Store-bought ricotta can’t hold a candle to creamy, rich homemade cheese. You don’t need any special equipment, and the YOGURT setting on most Instant Pot models gently heats the milk to the perfect temperature, so there’s no worrying about scorching the milk on the stove. If you don’t have a YOGURT setting, heat the milk on SAUTÉ on the NORMAL/MEDIUM heat, stirring occasionally, until a thermometer reaches 190°F before proceeding as directed. Ricotta is only as good as the milk you use to make it, so buy the best milk you can find and make sure that it isn’t ultra-high temperature (UHT) pasteurized milk. The UHT process changes the proteins in the milk and will prevent it from forming curds. You can use fresh lemon juice to make the milk coagulate, but I find it easier to add citric acid, which you can find at spice shops or buy online. The liquid left over in the pot after cheese making is called whey, as in Little Miss Muffet’s “curds and whey.” It’s full of beneficial probiotic organisms, amino acids, vitamins, and minerals, so don’t pour it down the drain! You can use it in soups, sauces, and smoothies as a neutral-flavored liquid that adds a big nutritional boost.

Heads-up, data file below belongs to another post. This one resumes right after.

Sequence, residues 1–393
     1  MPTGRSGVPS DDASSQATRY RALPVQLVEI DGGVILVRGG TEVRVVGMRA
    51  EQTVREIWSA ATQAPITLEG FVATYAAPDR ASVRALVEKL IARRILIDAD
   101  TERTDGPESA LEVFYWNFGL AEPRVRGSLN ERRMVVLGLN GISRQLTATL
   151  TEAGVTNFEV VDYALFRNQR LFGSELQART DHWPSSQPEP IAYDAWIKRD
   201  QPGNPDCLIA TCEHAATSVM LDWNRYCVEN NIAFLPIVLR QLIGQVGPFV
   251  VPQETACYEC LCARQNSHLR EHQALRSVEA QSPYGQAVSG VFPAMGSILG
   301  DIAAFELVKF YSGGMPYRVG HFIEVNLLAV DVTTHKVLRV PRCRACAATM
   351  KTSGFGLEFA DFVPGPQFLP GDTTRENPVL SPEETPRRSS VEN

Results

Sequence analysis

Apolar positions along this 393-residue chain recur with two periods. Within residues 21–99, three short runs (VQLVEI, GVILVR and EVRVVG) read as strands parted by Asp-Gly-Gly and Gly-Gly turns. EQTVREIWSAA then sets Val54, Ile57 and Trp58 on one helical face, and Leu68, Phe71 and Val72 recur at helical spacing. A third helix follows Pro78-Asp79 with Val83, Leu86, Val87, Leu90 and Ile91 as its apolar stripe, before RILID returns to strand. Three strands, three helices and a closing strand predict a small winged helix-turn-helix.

Homemade Ricotta from Instant Pot Italian by Ivy Manning. © 2018 by Ivy Manning. Reproduced by permission of Houghton Mifflin Harcourt. All rights reserved. —Food52
Test Kitchen Notes
Featured in: 10 Surprising Things You Can Make in Your Instant Pot. —The Editors
- Prep time 5 minutes
- Cook time 40 minutes
- Makes 2 cups
fresh lemon juice, or 3/4 teaspoon citric acid
- Pour the milk into the Instant Pot and cover with a regular pot lid that fits on top of the Instant Pot. Select the YOGURT function and adjust until the digital display reads BOIL. When the cooking time is up, remove the lid, being careful not to let any condensation drip back into the pot.
- Remove the inner pot from the appliance and place it on a trivet. Add the lemon juice or citric acid and stir gently a few times (overzealous stirring will yield cheese with a grainy texture) until you begin to see the milk coagulate—there will be a separation between bright white chunks of curd and thin yellowish liquid whey. This will take about 30 seconds. Stop stirring and let the mixture stand for 5 minutes.
- Line a fine-mesh sieve or colander with cheesecloth or a clean, thin cotton-sack towel and set it over a large bowl. Carefully pour the cheese and whey into the colander.
- For moist, creamy ricotta, let the cheese drain for 5 minutes. For firmer ricotta, allow the cheese to drain forup to 4 hours at room temperature. When the cheese is done draining, stir in the salt (if using). Save the whey for another use (see Headnote).
- Transfer the cheese to an airtight container and refrigerate. (The ricotta can be stored in an airtight container in the refrigerator for up to 5 days or in the freezer for up to 3 months.)